I’ve been listening to the double disc version of Jerry Cantrell’s solo album Degradation Trip a lot this week.
Anger Rising was the big single off the initial single-disc release of the album. It was a very Alice In Chains sounding song. Now listening to the double album version its obvious he left most of the songs that sounded like AIC off of the single-disc version.
The second disc is very much a AIC album. Especially now that AIC did release a new album… that sounds a lot like solo-Jerry Cantrell.
There’s a bunch of excellent songs on here that weren’t on the single-disc release which is to bad since I think most people who bought the single disc version wouldn’t buy the two disc expanded version.
Songs I’d highlight are Dying Inside, Pig Charmer, and Thanks Anyway. All of which would sound at home on any of AIC’s albums. Like the new album, Black Gives Way To Blue, the subject matter seems to be about Layne for many of the songs.
Bottom Line: If you liked the new AIC album consider picking the double-disc version of Degradation Trip.
Recently I had to add a column to a table that stored urls. The field needed hold the directory that site the files actually live in. So if the record’s url was:
I needed to update record’s new field with: “thisDirectory”
The table was large and I needed to update all the records.
I approached this thinking that I’d be able to Update all the records using MSSQL’s RIGHT function to get the characters from the right side of the string, but I’d need to know where the ‘/’ character was.
MSSQL’s CHARINDEX function would allow me to search for the index of the ‘/’ character, but only going forward. I of course needed to search from the end of the string. I know SQL is a limited language, but the ability to search a string backwards seems liked fairly standard functionality.
MSSQL does provide a way: you need to reverse the string and then search it forwards using the REVERSE function.
Below is the MSSQL statement I ended up with:
REPLACE(RIGHT(urls.server_path,CHARINDEX('/',REVERSE(urls.server_path),2)),'/','') AS website_directory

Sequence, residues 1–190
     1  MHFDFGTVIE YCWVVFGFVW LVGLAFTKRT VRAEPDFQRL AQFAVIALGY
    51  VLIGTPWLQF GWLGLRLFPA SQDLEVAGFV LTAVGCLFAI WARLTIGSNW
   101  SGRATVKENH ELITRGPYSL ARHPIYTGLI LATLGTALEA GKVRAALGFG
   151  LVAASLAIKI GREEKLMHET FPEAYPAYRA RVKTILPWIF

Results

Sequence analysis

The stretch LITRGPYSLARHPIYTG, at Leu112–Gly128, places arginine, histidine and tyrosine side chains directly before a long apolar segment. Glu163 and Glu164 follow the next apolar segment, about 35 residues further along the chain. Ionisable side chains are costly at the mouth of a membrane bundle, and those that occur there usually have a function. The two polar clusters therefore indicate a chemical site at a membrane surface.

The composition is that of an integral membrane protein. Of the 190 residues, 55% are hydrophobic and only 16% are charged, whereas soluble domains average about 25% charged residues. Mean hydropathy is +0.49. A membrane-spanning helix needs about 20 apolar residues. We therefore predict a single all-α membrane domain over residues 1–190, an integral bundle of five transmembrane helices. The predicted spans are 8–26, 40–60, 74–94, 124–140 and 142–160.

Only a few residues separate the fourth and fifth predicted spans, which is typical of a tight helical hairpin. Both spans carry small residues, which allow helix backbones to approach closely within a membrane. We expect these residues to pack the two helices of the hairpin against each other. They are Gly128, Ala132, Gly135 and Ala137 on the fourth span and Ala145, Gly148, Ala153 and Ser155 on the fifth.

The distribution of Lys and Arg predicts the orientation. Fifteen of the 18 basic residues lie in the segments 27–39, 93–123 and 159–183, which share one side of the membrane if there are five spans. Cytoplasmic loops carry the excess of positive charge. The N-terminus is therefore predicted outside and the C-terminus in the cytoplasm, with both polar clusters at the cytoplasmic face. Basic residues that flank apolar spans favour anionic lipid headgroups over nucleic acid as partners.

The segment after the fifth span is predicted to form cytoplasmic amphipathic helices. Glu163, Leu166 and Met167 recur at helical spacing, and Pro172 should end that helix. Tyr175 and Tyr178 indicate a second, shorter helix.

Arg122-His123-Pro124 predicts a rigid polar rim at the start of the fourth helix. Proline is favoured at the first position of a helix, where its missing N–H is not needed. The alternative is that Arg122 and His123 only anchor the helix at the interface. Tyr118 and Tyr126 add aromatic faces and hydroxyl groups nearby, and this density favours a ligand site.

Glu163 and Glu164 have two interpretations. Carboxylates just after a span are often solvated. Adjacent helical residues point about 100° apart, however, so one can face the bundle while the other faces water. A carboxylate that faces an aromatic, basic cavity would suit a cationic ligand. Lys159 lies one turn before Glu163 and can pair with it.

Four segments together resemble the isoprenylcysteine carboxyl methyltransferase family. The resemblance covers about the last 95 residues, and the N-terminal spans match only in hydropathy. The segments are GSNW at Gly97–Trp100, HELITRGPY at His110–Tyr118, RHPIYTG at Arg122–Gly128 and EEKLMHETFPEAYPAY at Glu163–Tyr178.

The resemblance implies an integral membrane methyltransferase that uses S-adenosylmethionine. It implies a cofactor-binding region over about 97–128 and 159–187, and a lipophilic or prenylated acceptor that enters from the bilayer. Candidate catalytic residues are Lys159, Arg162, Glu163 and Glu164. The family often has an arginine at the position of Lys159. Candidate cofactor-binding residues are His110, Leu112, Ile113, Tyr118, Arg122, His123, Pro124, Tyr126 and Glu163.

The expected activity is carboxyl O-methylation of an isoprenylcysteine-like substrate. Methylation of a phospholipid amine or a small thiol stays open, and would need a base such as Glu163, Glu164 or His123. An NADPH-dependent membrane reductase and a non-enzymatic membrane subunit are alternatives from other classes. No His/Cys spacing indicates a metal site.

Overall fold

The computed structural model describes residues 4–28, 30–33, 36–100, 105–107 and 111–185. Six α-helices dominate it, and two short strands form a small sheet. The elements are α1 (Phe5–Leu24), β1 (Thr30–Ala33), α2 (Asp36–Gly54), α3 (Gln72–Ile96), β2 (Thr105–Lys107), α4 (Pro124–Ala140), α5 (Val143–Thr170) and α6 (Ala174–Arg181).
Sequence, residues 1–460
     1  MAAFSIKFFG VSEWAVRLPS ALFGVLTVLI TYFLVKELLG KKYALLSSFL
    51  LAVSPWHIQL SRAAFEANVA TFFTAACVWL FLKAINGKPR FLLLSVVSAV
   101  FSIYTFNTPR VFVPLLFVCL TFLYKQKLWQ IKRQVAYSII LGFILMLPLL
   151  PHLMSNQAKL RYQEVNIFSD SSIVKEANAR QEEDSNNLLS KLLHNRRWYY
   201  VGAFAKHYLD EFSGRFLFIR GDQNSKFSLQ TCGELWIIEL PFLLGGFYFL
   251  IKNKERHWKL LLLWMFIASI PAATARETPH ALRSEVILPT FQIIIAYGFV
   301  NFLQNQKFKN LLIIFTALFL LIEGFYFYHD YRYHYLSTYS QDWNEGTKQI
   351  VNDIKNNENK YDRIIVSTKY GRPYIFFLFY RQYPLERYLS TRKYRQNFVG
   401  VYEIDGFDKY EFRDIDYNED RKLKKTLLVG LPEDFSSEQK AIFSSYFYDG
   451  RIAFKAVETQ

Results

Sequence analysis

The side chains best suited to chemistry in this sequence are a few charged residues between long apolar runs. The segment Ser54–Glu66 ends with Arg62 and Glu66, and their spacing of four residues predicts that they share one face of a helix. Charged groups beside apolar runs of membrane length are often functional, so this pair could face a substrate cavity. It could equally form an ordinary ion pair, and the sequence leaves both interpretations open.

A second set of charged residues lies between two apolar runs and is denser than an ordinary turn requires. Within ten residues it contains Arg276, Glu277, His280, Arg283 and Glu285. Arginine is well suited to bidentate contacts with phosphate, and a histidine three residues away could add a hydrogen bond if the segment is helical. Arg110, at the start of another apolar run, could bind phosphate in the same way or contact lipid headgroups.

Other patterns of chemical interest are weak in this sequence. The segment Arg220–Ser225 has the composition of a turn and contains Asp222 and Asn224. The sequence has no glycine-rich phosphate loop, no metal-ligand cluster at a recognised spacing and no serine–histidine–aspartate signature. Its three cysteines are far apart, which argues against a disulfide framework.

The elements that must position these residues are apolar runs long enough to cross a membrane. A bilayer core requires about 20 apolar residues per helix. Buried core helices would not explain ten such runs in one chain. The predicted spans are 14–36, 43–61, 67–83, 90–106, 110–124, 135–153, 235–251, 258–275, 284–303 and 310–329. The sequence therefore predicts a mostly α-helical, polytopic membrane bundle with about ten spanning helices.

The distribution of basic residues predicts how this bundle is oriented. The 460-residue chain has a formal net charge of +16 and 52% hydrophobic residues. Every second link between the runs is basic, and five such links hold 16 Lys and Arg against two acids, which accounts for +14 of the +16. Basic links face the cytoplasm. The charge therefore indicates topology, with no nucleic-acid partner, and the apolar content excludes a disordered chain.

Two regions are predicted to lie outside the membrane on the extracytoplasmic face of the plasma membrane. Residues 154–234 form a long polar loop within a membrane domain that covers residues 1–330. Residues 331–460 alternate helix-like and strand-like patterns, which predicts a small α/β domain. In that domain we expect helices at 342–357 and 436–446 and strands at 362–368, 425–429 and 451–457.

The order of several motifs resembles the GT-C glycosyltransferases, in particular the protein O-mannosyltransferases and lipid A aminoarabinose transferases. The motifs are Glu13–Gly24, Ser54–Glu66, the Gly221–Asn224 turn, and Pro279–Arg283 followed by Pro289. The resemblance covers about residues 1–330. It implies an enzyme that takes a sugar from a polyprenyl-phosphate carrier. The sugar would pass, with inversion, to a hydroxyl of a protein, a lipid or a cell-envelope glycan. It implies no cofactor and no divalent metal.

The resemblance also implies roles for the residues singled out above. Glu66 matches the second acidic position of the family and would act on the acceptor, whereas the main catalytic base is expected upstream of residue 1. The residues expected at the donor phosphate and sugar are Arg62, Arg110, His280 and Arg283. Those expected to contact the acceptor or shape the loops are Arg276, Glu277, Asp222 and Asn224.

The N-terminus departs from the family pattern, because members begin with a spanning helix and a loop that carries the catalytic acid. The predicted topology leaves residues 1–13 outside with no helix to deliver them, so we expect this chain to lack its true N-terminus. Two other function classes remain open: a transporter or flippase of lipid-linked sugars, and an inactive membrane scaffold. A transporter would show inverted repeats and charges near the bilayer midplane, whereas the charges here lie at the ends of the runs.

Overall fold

I was glad that there is a way to get the job done, but it feels like a hack.
I spent some time updating AnythingToXML last month with a feature that allows for type hinting. I was trying to avoid this, but XMLToAnything really can not be made smart enough to know that something was once an array with only one element in it. Instead it will interpret it as a Coldfusion struct. Since XMLToAnything was written to reverse XML created with AnythingToXML I added the type hinting to the XML generation. If there is no type hinting it will still work as before and attempt a best-guess on what the XML should become.
If you’ve been following along I’ve been trying to track down why some JPGs create errors when using CFIMAGE but most JPGs do not.
The work around I posted previously still did not work for some JPGs.
Looking back at the error reports I received a co-worker and I noticed that most of the errors came internationally from one locale. When we contacted that office we discovered that they were using MS Paint to edit and save their JPGs before uploading them. Switching them over to using MS Office Picture Manager to save the images made everything upload correctly.
I’m not sure if the bug is with MS Paint, Coldfusion, or the underlying Java, but if you’ve done everything and still are getting an error when working with images in Coldfusion (or Java?) then checking the source of your images may be be helpful in debugging.
Did anyone find MS Paint to be the root of their JPG image problems?